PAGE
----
Supreme Court lawyer Nishant Katneshwarkar received an automated call on Monday morning allegedly made by banned terror group Sikhs for Justice (SFJ) threatening to "blast" Prime Minister Narendra Modi on January 26 and "raise Khalistan".
The caller also said it would not allow retired Supreme Court judge Indu Malhotra "to investigate the Modi terror plot" even as it threatened the advocates for filing a complaint in pursuance of the said call.
"…the issue was between Modi and Sikhs, but you have filed a complaint against SFJ and put yourself in a dangerous position," the automated call said. "Now we will hold anti-Sikh, anti-Muslim advocates accountable…," it added.
This is the fifth automated call received by Katneshwarkar and other Supreme Court advocates-on-record (AOR) on the issue of the security breach during PM Narendra Modi's January 5 visit to Punjab where his cavalcade was held up on the high way for more than 15 minutes due to protestors. However, this is the first time advocates were directly threatened.
An AOR is a lawyer empowered to file petitions in the Supreme Court. An AOR is designated as one by the Supreme Court after the clear the AOR exams.
Advocates receive threatening calls over PM security breach
The automated call is a continuation of a series of calls, allegedly made by the Sikhs for Justice (SFJ), which began on January 10 when the Supreme Court was hearing a plea seeking a judicial probe in the security lapse during Prime Minister Narendra Modi's January 5 Punjab visit.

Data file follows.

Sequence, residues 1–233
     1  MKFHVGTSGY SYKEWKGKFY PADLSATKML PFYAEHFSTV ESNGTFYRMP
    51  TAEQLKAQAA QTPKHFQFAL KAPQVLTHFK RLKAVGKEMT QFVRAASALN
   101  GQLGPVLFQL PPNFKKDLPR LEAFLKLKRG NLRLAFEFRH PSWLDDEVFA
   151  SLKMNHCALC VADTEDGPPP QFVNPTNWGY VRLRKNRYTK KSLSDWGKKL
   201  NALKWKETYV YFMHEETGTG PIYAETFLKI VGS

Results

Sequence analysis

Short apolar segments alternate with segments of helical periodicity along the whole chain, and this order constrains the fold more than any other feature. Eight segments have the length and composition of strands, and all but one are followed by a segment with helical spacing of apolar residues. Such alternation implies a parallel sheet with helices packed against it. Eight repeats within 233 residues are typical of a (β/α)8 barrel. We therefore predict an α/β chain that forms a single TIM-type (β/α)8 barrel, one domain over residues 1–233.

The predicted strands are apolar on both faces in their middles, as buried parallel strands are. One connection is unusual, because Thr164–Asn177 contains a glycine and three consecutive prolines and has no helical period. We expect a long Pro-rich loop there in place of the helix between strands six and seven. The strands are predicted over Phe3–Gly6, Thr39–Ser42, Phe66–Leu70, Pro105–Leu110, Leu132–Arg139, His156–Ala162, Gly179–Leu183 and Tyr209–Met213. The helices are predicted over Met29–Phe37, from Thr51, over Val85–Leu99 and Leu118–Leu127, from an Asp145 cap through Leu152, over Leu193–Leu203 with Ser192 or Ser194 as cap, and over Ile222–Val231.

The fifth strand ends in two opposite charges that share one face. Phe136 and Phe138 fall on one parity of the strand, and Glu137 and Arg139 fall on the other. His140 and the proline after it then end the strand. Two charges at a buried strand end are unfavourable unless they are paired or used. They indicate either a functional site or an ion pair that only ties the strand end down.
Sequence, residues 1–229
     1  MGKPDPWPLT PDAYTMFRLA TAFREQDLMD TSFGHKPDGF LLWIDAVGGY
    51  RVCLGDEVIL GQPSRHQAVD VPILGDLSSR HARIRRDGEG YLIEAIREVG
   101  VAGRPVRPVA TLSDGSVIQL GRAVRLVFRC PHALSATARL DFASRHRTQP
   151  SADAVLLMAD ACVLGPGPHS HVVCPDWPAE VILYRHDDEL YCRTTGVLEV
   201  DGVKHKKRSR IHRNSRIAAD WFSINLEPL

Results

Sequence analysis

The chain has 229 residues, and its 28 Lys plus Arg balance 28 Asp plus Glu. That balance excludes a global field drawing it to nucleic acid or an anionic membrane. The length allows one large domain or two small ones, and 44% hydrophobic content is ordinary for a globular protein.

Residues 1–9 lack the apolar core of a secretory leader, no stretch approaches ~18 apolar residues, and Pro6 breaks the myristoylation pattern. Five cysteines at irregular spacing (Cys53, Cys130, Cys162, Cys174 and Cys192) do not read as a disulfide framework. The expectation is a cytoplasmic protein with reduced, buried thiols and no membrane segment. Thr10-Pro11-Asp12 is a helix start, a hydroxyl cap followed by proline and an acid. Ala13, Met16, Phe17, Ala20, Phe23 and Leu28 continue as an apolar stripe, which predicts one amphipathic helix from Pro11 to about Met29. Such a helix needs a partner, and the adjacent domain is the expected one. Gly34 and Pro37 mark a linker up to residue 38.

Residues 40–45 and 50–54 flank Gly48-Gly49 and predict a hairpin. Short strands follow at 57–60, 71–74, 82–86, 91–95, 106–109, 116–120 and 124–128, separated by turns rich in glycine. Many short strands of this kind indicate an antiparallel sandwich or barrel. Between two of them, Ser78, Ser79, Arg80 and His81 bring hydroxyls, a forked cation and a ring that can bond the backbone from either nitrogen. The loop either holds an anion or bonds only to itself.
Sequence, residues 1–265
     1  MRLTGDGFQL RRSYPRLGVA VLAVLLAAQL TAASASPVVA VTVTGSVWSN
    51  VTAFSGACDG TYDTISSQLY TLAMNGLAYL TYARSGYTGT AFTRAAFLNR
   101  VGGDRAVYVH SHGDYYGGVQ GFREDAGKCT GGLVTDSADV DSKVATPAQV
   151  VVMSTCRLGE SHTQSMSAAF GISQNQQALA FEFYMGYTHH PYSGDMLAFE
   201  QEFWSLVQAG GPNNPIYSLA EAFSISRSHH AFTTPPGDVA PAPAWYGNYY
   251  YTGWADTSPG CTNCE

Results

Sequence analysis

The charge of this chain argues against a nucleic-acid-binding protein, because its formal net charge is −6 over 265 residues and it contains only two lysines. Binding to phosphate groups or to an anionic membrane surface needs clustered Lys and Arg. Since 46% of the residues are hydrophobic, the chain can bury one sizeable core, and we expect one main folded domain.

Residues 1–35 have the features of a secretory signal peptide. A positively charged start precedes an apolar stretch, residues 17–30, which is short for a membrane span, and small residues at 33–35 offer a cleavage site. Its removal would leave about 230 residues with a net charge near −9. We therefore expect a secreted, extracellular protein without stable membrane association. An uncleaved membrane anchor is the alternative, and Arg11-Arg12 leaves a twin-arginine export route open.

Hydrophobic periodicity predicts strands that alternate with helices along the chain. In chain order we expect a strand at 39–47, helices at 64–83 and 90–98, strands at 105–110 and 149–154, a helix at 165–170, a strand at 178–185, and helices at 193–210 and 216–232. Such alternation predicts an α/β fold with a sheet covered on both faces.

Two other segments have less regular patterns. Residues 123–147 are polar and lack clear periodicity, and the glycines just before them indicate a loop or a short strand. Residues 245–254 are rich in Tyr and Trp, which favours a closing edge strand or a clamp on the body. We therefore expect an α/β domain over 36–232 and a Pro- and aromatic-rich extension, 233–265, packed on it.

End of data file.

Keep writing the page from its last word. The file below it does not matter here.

The second call was made on January 12, when the top court announced its decision to appoint its former judge Indu Malhotra as the head of the probe committee.
In the first call, lasting a little under a minute, the SFJ took responsibility for the security breach during Modi's January 5 Punjab visit where his cavalcade was held up on a highway for more than 15 minutes due to a protest.
The Supreme Court Advocates On Record Association (SCAORA) has taken note of the calls and written to the Supreme Court Secretary General seeking action against the caller. Deepak Prakash, an AOR, filed a criminal complaint with the Delhi Police hours after receiving the first call. Prakash received two calls today as well.
However, advocate Sriram Parakkat who also got these calls considered the incident to be "silly" and worthy of being ignored. Parakkat however expressed his apprehension over the phone number of AORs that are publicly available on the top court's website. "By doing so, these incidents could be avoided in future," Parakkat said.
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